Our rural numbers are not enough: an independent position statement and recommendations to improve the identification of poverty, income inequality and deprivation in rural Scotland

JH McKendrick, C Barclay, C Carr, A Clark, J Holles, E Perring, L Stein

Research output: Book/ReportCommissioned report

Abstract

160,000 people - every seventh person - living in rural areas in Scotland is estimated to be living in income poverty. However, this is not just a problem for rural Scotland; income poverty in rural Scotland contributes a significant share of overall poverty in Scotland; one in every six people experiencing poverty in Scotland lives in a rural area. Far too many and far too high a proportion of Scotland’s rural population are living on an income that is insufficient to meet their needs. Although these data also suggest that income poverty has fallen in rural Scotland in recent years (from 17% in 2005/6 to 14% in 2007/8) and that the
level of poverty is lower in rural than urban Scotland (18% for urban Scotland in 2007/8), Scotland clearly has a substantial rural poverty problem that should be addressed.
'Relative Poverty Across Scottish Local Authorities’, contains new figures about the prevalence of poverty in rural Scotland. Some caution should be used in interpreting these figures as they are undergoing further quality assurance work and have not been released as “official statistics”. However, they suggest that the level of poverty that is experienced in some parts of rural Scotland is greater than the level of poverty that is experienced in some parts of urban Scotland. It is estimated that the risk of poverty is greater in remote rural Scotland than it is in small towns that are accessible to larger urban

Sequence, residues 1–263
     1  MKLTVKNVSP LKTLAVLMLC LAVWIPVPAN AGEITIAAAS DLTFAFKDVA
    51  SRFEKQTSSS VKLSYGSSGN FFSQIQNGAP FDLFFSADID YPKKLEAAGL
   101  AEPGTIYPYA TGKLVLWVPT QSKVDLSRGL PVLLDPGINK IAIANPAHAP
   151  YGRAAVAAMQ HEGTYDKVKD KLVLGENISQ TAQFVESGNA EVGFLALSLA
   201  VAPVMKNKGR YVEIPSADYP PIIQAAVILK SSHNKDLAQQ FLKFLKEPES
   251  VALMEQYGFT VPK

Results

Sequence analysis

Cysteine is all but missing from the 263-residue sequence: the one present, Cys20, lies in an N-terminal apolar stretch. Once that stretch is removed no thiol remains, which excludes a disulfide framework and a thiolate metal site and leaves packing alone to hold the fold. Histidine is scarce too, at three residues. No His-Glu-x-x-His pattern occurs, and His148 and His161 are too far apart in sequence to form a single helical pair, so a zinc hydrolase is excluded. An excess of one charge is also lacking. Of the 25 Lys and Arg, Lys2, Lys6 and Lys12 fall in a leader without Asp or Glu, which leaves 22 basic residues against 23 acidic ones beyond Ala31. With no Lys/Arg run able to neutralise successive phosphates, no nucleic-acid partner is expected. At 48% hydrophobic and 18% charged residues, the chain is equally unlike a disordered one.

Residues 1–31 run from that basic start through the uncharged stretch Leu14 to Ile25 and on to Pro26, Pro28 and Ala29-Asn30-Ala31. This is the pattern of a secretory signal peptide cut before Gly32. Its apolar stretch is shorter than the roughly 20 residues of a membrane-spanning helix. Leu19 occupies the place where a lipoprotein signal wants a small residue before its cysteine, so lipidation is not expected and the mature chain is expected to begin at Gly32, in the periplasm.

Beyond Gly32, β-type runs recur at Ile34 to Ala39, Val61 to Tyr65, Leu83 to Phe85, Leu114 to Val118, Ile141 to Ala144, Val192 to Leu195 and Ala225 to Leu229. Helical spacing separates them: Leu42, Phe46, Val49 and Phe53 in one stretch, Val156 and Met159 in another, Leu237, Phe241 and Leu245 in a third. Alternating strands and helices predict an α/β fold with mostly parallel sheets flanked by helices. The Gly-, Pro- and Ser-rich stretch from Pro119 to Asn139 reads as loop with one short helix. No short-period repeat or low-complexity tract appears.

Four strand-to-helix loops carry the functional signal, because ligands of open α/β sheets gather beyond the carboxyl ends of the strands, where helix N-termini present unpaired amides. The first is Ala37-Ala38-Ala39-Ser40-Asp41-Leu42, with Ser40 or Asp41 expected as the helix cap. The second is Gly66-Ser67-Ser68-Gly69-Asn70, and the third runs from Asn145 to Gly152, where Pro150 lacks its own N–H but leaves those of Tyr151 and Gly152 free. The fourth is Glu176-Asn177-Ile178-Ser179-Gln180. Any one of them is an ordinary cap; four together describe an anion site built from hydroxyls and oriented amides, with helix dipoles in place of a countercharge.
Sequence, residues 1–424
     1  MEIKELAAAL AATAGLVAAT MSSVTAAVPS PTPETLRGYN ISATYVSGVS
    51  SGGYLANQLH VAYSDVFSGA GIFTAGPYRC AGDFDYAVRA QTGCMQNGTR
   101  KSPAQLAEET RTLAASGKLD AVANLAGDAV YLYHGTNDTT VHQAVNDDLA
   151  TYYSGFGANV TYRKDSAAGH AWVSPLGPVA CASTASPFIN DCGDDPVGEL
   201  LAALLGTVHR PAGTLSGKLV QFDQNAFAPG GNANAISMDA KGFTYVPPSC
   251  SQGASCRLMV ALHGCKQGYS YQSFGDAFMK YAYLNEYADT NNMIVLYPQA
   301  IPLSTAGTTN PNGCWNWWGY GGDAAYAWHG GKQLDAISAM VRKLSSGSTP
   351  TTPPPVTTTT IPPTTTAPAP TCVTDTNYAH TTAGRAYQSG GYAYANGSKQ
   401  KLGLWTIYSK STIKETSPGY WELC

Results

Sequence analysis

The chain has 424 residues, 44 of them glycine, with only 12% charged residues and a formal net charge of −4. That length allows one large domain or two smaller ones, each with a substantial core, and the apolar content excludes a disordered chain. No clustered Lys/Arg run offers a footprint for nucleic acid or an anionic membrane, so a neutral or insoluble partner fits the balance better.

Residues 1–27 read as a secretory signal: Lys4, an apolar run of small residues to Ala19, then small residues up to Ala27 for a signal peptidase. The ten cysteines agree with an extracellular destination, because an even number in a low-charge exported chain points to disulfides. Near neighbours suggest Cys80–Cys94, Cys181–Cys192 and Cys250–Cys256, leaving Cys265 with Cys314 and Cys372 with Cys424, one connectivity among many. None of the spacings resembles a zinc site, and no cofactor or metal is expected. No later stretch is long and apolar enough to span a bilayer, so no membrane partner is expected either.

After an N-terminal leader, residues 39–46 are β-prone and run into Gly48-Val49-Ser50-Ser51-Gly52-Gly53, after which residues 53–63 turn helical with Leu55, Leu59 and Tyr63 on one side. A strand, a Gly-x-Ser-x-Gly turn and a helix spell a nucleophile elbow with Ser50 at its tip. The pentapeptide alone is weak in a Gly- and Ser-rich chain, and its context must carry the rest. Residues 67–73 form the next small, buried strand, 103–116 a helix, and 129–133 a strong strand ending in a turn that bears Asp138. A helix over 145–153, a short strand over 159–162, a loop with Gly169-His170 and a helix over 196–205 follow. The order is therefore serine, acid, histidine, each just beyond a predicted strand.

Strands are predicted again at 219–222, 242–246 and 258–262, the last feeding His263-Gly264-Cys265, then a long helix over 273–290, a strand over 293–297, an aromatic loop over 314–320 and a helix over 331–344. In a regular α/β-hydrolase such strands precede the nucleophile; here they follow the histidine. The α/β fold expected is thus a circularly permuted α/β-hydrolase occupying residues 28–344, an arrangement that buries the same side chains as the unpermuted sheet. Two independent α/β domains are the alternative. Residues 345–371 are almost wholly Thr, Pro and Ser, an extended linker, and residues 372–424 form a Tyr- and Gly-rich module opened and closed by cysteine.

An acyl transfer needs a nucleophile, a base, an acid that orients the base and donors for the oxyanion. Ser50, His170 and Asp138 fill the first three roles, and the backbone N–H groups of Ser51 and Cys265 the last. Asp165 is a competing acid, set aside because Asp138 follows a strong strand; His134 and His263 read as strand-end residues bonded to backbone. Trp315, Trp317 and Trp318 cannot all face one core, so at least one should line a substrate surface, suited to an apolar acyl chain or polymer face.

areas (20%, compared to 17% for households).
The problem of rural poverty – not having enough income to meet basic needs – may be underestimated by the higher cost of living in rural areas – the equivalent £ in rural Scotland does not stretch as far as that in urban Scotland. Indeed, the authoritative Joseph Rowntree Foundation minimum incomes project has recently estimated that people in rural areas in England typically need to spend 10-20 per cent more on everyday requirements than those in urban areas. They also suggested that the more remote the area, the greater these additional costs.
Original languageEnglish
Place of PublicationGlasgow
Commissioning bodyCommunity Regeneration and Tackling Poverty Learning Network
Number of pages54
Publication statusPublished - Mar 2011

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Keywords

  • poverty
  • rural poverty
  • poverty measurement
  • deprivation
  • Scotland

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